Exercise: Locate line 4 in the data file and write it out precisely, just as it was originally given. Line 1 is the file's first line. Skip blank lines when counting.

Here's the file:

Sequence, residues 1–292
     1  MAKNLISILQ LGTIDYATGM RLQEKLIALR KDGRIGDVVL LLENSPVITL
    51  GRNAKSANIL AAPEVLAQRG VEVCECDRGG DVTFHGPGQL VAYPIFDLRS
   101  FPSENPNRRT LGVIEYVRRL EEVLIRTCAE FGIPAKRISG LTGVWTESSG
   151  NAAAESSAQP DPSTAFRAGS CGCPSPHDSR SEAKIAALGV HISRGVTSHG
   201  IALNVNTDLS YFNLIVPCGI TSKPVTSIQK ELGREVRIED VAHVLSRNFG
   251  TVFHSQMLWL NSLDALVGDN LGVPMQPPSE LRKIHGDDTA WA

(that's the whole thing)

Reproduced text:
   101  FPSENPNRRT LGVIEYVRRL EEVLIRTCAE FGIPAKRISG LTGVWTESSG